Jeremiah was in Jerusalem at the time and was warning them to leave the city. God was using Nebuchadnezzar to pass judgement on Israel.
The word which came to Jeremiah from the LORD when King Zedekiah sent to him Pashhur the son of Malchijah, and Zephaniah the priest, the son of Maaseiah, saying, “Please inquire of the LORD on our behalf, for Nebuchadnezzar king of Babylon is warring against us; perhaps the LORD will deal with us according to all His wonderful acts, so that the enemy will withdraw from us.” Then Jeremiah said to them, “You shall say to Zedekiah as follows: ‘Thus says the LORD God of Israel, “Behold, I am about to turn back the weapons of war which are in your hands, with which you are warring against the king of Babylon and the Chaldeans who are besieging you outside the wall; and I will gather them into the center of this city. I Myself will war against you with an outstretched hand and a mighty arm, even in anger and wrath and great indignation. I will also strike down the inhabitants of this city, both man and beast; they will die of a great pestilence. Then afterwards,” declares the LORD, “I will give over Zedekiah king of Judah and his servants and the people, even those who survive in this city from the pestilence, the sword and the famine, into the hand of Nebuchadnezzar king of Babylon, and into the hand of their foes and into the hand of those who seek their lives; and he will strike them down with the edge of the sword. He will not spare them nor have pity nor compassion.”’ “You shall also say to this people, ‘Thus says the LORD, “Behold, I set before you the way of life and the way of death. He who dwells in this city will die by the sword and by famine and by pestilence; but he who goes out and falls away to the Chaldeans who are besieging you will live, and he will have his own life as booty. For I have set My face against this city for harm and not for good,” declares the LORD. “It will be given into the hand of the king of Babylon and he will burn it with fire.”’
If you keep reading in Jeremiah you see He says that He will keep the captives safe.
After Nebuchadnezzar king of Babylon had carried away captive Jeconiah the son of Jehoiakim, king of Judah, and the officials of Judah with the craftsmen and smiths from Jerusalem and had brought them to Babylon, the LORD showed me: behold, two baskets of figs set before the temple of the LORD! One basket had very good figs, like first-ripe figs, and the other basket had very bad figs which could not be eaten due to rottenness. Then the LORD said to me, “What do you see, Jeremiah?” And I said, “Figs, the good figs, very good; and the bad figs, very bad, which cannot be eaten due to rottenness.” Then the word of the LORD came to me, saying, “Thus says the LORD God of Israel, ‘Like these good figs, so I will regard as good the captives of Judah, whom I have sent out of this place into the land of the Chaldeans. For I will set My eyes on them for good, and I will bring them again to this land; and I will build them up and not overthrow them, and I will plant them and not pluck them up. I will give them a heart to know Me, for I am the LORD; and they will be My people, and I will be their God, for they will return to Me with their whole heart. ‘But like the bad figs which cannot be eaten due to rottenness--indeed, thus says the LORD--so I will abandon Zedekiah king of Judah and his officials, and the remnant of Jerusalem who remain in this land and the ones who dwell in the land of Egypt. I will make them a terror and an evil for all the kingdoms of the earth, as a reproach and a proverb, a taunt and a curse in all places where I will scatter them. I will send the sword, the famine and the pestilence upon them until they are destroyed from the land which I gave to them and their forefathers.’”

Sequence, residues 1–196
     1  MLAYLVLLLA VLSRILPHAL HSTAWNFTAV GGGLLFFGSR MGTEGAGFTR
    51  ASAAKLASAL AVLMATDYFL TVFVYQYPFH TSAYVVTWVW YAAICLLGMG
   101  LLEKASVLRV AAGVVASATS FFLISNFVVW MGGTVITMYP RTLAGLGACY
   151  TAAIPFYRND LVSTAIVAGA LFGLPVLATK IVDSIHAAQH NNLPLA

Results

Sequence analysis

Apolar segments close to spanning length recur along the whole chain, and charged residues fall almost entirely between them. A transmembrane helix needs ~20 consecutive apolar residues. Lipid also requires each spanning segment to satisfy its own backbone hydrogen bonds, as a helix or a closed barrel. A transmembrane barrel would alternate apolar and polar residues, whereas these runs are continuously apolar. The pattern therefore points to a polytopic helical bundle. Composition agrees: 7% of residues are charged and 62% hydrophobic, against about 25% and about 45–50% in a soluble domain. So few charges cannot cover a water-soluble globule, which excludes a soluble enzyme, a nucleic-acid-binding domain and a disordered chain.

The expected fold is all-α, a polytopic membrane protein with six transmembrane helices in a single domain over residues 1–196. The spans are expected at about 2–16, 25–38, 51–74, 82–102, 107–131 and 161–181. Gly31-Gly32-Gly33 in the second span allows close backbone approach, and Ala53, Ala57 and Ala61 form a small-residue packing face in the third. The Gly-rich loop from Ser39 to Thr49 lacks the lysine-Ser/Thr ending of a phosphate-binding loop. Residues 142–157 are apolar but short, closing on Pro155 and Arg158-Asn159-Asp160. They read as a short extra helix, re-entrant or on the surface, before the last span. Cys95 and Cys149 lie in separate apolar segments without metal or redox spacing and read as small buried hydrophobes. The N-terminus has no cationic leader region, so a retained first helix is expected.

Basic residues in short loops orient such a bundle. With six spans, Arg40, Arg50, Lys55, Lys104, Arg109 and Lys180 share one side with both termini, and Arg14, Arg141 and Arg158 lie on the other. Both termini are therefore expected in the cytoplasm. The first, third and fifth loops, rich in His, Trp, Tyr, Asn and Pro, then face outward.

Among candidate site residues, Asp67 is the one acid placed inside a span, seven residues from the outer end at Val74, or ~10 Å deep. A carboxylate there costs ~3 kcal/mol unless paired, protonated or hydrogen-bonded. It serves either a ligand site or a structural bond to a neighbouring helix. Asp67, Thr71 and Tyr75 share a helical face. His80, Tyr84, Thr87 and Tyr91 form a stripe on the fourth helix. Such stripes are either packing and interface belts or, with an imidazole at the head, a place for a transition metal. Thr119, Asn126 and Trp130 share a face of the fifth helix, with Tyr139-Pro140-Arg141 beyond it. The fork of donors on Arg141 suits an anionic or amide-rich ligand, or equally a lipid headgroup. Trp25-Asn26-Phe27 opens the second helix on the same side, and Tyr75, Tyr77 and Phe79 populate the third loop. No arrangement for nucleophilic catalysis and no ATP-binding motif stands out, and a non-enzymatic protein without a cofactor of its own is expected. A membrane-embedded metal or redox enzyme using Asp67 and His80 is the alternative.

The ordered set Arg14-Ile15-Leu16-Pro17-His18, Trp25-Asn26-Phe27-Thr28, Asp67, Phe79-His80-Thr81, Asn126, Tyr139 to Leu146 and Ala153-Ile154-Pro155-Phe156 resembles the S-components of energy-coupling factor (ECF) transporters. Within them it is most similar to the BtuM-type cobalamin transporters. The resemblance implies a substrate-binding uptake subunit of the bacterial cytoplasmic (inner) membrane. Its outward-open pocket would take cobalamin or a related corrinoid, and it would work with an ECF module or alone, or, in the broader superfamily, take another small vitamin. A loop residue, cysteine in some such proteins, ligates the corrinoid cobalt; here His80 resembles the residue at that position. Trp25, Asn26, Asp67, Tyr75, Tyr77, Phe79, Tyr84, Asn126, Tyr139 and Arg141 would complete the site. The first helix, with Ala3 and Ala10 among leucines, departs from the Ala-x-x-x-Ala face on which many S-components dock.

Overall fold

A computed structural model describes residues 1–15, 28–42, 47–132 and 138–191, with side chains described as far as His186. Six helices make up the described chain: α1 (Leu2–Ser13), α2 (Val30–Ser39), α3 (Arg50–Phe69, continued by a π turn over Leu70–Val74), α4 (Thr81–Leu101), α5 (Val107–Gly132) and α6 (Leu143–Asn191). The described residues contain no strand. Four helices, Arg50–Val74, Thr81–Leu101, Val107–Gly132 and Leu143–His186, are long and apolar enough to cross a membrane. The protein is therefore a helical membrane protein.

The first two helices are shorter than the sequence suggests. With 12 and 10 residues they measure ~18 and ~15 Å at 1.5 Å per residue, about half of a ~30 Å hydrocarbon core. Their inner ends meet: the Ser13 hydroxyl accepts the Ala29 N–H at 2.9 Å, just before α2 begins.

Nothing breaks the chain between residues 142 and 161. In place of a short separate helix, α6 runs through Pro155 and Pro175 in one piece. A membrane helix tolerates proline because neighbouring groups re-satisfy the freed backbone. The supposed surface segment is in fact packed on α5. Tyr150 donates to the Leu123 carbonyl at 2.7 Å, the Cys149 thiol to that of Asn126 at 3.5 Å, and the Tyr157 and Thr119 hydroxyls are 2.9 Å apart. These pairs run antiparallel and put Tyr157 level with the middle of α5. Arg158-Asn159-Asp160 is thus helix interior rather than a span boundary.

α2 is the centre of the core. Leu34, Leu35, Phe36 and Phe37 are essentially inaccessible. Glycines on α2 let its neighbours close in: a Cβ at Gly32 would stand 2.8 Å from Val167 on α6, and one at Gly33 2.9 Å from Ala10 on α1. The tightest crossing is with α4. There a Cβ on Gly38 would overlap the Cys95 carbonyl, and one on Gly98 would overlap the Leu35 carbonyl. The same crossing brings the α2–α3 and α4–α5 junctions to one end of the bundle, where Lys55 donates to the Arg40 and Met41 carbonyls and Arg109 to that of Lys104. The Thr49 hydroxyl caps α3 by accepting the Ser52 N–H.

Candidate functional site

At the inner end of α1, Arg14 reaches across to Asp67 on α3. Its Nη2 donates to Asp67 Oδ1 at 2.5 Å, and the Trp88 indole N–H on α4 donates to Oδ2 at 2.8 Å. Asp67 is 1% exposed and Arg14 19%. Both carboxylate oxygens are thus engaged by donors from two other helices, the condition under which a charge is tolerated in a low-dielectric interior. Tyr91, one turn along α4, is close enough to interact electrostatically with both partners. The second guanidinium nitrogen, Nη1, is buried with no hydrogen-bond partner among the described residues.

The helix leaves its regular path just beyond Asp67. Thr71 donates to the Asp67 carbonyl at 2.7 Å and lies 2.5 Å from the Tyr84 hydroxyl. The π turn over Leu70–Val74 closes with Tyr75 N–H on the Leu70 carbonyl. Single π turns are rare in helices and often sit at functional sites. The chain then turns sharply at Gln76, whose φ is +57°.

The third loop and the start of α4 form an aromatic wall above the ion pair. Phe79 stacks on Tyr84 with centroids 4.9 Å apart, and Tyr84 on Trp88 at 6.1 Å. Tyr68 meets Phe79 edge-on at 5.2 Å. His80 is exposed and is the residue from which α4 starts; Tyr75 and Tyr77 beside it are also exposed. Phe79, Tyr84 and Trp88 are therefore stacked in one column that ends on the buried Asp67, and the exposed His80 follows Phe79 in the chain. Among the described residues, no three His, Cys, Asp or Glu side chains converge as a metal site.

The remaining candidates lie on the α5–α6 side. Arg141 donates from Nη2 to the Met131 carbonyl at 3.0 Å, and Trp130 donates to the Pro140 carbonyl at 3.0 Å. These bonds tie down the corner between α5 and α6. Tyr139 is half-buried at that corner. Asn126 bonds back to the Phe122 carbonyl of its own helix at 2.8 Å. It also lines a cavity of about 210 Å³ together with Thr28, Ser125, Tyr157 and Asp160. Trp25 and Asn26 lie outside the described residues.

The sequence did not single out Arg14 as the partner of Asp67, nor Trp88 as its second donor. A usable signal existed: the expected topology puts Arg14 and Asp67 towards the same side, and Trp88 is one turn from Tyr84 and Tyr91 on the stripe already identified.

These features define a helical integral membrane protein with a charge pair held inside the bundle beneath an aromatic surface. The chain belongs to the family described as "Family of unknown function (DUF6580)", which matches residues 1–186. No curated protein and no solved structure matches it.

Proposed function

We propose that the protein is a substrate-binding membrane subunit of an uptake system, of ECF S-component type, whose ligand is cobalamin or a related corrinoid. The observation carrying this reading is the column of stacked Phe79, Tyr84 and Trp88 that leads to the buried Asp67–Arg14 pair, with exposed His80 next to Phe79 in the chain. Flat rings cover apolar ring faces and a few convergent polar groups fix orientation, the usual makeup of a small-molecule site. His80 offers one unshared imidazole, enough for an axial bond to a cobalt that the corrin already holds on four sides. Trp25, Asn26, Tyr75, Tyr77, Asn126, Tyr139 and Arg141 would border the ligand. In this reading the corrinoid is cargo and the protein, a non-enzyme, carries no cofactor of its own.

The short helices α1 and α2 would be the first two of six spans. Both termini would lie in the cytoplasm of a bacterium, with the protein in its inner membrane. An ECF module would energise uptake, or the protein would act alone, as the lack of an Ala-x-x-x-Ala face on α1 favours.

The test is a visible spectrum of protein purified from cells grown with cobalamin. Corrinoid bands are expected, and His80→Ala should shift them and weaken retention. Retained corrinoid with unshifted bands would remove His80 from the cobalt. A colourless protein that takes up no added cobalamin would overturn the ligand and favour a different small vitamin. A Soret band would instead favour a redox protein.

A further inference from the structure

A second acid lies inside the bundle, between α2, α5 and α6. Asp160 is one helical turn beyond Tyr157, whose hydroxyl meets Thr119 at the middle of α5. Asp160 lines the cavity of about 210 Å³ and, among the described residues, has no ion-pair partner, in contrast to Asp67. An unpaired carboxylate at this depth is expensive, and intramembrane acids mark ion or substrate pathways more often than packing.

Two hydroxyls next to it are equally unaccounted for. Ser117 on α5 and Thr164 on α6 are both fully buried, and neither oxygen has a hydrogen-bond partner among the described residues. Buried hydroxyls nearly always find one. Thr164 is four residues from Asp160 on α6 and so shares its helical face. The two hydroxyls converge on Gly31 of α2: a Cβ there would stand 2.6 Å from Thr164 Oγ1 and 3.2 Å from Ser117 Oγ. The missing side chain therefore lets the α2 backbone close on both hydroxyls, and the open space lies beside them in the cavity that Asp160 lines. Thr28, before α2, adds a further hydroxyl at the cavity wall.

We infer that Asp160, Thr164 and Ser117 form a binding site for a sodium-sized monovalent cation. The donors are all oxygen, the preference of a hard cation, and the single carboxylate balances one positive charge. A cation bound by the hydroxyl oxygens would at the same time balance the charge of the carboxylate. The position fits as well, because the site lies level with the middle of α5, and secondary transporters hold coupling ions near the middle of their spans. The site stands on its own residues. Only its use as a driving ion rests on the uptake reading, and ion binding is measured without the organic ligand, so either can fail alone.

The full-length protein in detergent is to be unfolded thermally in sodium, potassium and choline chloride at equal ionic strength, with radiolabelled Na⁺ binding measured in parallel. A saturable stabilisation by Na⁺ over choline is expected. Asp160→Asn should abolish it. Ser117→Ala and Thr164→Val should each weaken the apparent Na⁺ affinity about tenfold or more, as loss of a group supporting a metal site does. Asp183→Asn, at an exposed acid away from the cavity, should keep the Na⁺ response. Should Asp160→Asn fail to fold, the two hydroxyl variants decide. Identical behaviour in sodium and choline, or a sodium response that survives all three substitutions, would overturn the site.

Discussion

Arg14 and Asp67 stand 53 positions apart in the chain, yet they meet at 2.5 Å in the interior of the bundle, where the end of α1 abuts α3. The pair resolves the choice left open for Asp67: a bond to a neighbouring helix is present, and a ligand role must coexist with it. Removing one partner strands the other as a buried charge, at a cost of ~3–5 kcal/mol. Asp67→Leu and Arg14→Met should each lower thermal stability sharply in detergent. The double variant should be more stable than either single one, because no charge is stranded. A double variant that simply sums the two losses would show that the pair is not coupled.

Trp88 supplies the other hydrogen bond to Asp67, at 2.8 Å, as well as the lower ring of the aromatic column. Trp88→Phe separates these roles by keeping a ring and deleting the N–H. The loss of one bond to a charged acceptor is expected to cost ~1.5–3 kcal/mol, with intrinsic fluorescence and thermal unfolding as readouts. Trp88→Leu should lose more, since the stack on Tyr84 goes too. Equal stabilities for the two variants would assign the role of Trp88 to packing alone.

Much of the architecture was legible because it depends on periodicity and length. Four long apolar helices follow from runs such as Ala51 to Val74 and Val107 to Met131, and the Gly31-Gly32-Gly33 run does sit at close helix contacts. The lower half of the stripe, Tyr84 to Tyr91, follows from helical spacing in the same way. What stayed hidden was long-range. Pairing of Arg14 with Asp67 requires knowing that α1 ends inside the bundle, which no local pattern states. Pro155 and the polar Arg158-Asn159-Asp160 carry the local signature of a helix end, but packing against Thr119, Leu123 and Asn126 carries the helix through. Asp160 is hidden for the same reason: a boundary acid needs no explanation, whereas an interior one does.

Also in Ezr 5:12
But because our fathers had provoked the God of heaven to wrath, He gave them into the hand of Nebuchadnezzar king of Babylon, the Chaldean, who destroyed this temple and deported the people to Babylon.
Nebuchadnezzar did not view captives as we view slaves today. They were to be integrated into his society and become working members. Daniel and his friends were handsome and educated, possibly of notable families. In order to understand the Jews and integrate them, Nebuchadnezzar chose some of them to be advisers. The first chapter of Daniel explains this. That is was indeed Nebuchadnezzar that attacked Jerusalem.
From Dan 1:1-5